But then one day, while Collins was preparing to perform with a local orchestra, she happened to hear an old English ballad on the radio. It was the first folk song Collins had ever heard, but it captured her.

It took Collins a full year to switch gears. She continued studying piano while immersing herself in folk music. She taught herself to play a guitar, practicing till her fingers bled. Her parents and her piano teacher opposed the change, but Collins had become convinced that her future was in folk music. And once she made the change, she says, she “felt ecstasy, as if a burden had been lifted.”

That sounds like conversion to me.

Likewise, our Marianist way is a life of conversion. It is the primary work of anyone truly dedicated to Mary and the Gospel. God calls us all to conversion. The love of God changes us, turns us in new directions, and challenges us to be committed to the lifelong work of conversion. In the end, we not only change for the better, but become more truly ourselves.

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Pray for the Canonization of Blessed William Joseph Chaminade

"Let this thought encourage us: let us not be vanquished by our weakness, but let us vanquish it. If our work frightens us, then let the eternal reward promised give us new vigor."

Blessed William Joseph Chaminade

Sunday, July 23, 2017

Love others

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“Until we learn to love others as ourselves, it's difficult to blame broken people who desperately try to affirm themselves when no one else will.” 

― Richard Rohr, Falling Upward: A Spirituality for the Two Halves of Life

Saturday, July 22, 2017

The truth will set you free

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“Before the truth sets you free, it tends to make you miserable.” 

― Richard Rohr, Falling Upward: A Spirituality for the Two Halves of Life


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"every time God forgives us, God is saying that God's own rules do not matter as much as the relationship that God wants to create with us.”

― Richard Rohr, Falling Upward: A Spirituality for the Two Halves of Life

Friday, July 21, 2017


During our annual retreat we are delving into the thoughts and spirituality of Richard Rohr more than any contemporary spiritual leader. He says everything I could ever say and says it much better and much more succinctly.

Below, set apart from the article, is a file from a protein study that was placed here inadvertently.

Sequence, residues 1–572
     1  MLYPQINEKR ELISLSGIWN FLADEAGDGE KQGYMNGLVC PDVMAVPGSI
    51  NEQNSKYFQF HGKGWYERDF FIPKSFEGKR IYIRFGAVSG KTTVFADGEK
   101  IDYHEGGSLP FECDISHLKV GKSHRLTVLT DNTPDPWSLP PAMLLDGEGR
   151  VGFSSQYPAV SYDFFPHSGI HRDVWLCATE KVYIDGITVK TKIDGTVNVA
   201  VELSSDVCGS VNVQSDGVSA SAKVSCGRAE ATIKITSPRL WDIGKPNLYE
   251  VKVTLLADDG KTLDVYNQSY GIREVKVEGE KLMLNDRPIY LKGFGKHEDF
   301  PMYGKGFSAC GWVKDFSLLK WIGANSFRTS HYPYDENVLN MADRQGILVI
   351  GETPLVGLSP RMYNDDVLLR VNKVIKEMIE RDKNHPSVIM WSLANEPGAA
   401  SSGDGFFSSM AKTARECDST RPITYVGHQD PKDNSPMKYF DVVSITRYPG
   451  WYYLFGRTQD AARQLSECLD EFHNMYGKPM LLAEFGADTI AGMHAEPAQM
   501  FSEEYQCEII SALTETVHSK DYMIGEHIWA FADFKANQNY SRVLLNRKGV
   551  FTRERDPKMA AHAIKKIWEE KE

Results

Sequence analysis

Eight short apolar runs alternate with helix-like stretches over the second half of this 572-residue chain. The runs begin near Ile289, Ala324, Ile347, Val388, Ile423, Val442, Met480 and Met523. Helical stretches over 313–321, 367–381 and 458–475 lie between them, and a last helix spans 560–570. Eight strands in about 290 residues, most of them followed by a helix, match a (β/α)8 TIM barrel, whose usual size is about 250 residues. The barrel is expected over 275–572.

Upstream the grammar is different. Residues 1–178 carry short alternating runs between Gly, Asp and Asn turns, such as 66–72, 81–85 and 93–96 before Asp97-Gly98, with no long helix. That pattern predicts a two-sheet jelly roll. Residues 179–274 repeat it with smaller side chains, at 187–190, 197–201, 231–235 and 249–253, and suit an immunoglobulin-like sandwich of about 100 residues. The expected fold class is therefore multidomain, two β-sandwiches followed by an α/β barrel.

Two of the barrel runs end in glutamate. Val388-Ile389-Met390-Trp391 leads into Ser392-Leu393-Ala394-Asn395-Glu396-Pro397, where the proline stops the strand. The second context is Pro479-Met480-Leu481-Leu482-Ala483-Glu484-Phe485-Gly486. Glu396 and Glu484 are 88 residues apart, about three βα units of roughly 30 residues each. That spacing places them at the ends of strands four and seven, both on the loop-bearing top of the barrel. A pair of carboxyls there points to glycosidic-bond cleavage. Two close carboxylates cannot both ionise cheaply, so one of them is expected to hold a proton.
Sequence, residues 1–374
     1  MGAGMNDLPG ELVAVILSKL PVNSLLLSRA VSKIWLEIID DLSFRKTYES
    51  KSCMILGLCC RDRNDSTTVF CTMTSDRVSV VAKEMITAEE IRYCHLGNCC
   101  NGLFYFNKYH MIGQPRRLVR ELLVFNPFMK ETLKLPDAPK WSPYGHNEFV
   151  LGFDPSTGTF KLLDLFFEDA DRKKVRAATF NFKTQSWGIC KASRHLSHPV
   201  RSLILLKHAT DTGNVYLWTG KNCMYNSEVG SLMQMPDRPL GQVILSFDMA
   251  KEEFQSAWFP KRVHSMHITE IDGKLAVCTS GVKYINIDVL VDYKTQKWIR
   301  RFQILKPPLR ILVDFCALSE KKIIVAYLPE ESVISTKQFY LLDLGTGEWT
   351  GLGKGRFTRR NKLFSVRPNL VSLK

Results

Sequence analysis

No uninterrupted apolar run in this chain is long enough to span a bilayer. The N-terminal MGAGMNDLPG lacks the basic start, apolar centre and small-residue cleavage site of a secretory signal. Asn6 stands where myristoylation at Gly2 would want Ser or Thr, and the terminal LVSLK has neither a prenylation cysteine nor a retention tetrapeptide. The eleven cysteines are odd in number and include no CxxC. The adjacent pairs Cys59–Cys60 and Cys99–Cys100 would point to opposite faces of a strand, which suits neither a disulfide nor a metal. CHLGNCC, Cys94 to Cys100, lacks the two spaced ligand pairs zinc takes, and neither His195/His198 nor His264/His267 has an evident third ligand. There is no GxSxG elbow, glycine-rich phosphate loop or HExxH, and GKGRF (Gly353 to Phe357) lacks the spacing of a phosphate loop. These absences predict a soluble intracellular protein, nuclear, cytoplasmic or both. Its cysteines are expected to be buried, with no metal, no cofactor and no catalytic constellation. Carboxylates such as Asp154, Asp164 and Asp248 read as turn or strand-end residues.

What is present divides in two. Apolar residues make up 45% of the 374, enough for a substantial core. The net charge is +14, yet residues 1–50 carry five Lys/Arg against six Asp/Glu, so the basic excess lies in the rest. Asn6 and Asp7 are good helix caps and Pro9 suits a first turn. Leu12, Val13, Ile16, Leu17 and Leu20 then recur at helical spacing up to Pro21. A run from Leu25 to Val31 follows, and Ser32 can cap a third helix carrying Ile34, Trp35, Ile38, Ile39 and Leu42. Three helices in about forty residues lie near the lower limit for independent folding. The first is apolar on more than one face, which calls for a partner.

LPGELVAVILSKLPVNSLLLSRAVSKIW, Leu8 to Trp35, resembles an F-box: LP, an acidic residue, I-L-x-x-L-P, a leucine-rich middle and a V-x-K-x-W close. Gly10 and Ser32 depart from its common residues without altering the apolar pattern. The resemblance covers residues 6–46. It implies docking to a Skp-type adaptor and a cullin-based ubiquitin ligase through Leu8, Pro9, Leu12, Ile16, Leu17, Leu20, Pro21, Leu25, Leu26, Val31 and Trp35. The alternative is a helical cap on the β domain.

Image result for ooopsIn his book, he noted, “I have prayed for years for one good humiliation a day, and then I must watch my reaction to it. In my position, I have no other way of spotting both my well-denied shadow self and my idealized persona.”

Rohr is very attuned to the presence of the ego in all spiritually-inclined people and is forthright about wrestling with his own ego daily. I think that his daily prayer for “one good humiliation a day” is his way of asking for his eyes to be opened daily to his own frailty and egotism. For, it is often very humiliating when this happens to someone, especially one who holds himself/herself forth as a “spiritual person.”

I do not think he is calling for us to deliberately go out and humiliate ourselves each day. He is merely asking us to pay attention, to be honest with ourselves, to practice “mindfulness” and be prepared to embrace the subjective experience of a sudden illumination about our own “flesh” being hard at work in our spiritual practice.

Thursday, July 20, 2017


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Personal growth is “a treasure hidden in a field” (Matthew 13:44). 

It is only discovered by the release of our current defense postures, by letting go of fear and our attachment to self-image. Then the inner gift lies present and accounted for! 

Once our defenses are out of the way and we are humble and poor, truth is allowed to show itself. 

God could not risk giving truth to proud and power hungry people; they will always abuse it. Truth shows itself when we are free from ideology, fear, and anger.